Chance for a normal life
For Adam Brock, neurofeedback was nothing less than life-changing. Within weeks of beginning the treatments, he felt more relaxed and confident than he had in years. The tics and involuntary outbursts associated with his Tourette’s began to subside. After 15 treatments, his brain waves were at normal levels, possibly for the first time in his life.
“I used to have to spend so much mental energy on suppressing the tics that I had trouble concentrating on schoolwork,” says Adam. “After the treatments, I could pay attention to what was going on and not to the tics.”
There were other benefits, too. “A couple of weeks after starting the treatments, Adam went on a youth retreat, which was a huge thing for him,” his mother remembers. “Before, he would have said no because it would have been just like going to school. He would have had to suppress his tics and obsessive-compulsive behaviors. Now he could go and enjoy himself.”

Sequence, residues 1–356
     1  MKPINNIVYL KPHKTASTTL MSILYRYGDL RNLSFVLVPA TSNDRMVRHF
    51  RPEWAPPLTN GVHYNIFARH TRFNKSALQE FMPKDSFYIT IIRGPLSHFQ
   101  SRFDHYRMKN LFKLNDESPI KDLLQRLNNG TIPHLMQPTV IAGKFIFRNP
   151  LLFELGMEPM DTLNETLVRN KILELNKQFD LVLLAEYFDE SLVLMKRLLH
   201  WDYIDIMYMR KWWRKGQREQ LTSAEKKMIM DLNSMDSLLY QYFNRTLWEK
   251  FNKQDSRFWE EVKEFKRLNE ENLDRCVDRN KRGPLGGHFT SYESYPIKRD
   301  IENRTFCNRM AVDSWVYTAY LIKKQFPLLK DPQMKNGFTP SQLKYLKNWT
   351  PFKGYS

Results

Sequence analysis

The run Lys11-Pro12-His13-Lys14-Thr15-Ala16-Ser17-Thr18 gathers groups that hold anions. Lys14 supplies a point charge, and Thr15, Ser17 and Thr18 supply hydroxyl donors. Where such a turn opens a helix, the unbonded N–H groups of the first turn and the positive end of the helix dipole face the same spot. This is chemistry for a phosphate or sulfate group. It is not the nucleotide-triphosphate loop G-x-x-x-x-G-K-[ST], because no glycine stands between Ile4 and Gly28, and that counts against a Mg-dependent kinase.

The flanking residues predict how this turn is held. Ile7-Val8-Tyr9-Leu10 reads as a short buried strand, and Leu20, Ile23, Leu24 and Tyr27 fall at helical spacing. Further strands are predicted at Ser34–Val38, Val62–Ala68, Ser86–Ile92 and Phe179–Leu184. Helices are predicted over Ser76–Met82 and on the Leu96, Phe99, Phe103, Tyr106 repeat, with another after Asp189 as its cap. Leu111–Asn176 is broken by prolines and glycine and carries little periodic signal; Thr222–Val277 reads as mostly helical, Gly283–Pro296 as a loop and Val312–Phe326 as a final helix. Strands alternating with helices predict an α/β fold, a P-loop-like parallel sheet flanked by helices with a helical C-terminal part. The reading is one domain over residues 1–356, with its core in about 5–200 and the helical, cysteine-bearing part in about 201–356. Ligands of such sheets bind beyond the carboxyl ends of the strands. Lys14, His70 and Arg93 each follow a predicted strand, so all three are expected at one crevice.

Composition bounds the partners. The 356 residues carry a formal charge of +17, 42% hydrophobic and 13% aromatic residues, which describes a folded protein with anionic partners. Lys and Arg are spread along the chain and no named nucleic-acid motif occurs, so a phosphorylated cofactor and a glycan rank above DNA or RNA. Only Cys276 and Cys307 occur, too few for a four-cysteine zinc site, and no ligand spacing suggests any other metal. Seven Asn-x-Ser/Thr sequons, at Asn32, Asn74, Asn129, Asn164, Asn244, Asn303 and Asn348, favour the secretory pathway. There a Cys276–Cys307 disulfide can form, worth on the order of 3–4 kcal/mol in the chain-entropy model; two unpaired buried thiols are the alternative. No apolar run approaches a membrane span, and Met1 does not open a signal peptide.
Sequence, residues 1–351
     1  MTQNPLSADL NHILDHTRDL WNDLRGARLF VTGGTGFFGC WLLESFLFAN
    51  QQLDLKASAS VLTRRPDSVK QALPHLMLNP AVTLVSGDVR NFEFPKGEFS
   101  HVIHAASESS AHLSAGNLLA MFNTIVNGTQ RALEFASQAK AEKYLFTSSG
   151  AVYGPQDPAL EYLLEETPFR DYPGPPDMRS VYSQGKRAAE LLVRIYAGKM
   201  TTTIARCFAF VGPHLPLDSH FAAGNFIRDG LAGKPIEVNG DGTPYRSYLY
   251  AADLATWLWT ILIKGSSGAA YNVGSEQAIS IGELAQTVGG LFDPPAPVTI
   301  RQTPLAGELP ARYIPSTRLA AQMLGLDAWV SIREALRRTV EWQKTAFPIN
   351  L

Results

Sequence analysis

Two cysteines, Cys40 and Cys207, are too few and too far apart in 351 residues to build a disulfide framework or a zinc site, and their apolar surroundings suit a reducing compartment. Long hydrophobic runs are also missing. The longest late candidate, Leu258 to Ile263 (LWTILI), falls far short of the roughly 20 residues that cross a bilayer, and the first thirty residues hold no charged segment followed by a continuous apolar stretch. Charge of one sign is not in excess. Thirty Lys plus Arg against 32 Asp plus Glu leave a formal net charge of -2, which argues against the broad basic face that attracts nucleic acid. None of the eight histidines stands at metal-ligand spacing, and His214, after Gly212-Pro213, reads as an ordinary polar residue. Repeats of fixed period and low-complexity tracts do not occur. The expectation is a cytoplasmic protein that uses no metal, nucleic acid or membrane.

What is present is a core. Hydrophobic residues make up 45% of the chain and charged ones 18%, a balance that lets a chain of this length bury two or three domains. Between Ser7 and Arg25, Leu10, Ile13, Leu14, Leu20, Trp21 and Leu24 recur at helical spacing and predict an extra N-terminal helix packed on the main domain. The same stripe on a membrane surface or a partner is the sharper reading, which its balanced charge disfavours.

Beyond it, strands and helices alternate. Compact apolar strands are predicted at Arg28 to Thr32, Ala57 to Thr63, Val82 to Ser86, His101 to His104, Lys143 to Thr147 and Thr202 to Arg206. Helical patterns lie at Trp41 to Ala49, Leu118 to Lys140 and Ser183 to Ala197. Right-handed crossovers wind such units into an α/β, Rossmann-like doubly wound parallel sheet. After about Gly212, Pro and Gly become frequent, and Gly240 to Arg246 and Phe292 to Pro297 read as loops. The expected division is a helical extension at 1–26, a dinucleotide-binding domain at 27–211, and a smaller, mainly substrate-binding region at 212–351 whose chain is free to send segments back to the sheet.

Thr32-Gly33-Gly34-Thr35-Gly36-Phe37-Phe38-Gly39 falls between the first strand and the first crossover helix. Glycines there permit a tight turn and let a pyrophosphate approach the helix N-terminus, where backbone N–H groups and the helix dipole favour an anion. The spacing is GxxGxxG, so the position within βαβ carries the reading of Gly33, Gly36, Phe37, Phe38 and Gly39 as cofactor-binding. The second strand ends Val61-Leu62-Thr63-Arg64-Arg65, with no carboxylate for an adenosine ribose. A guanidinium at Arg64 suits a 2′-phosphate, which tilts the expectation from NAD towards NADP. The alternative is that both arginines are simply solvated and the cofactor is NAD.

Soon he was going on ski trips and other school outings, and his grades began to improve. Carol also noticed that he had more friends coming home to visit. And instead of dreading school, he couldn’t wait to get started in the morning. “Before I would have to push him to get ready and out the door, but now it’s ‘Come on, let’s go,’” she says. “We look at him and it’s hard to remember how bad things were for him before.” The Brocks credit neurofeedback with reducing Adam’s tics and obsessive-compulsive behavior by about 70 percent. During the worst period, he was on six medications to control the two conditions. Now he takes only one drug—for acne.
A year after his first neurofeedback session, Adam goes in now for “tune-ups” every few months. He went in for his last one just before starting his sophomore year in high school. “I knew it was going to be kind of stressful going back to school, so I sort of wanted a little refresher,” he says. Of course there’s another, simpler reason he likes to go back now and then: to test his wits against the computer game. As Adam says, “It’s fun.”
Courtesy of Alternative Medicine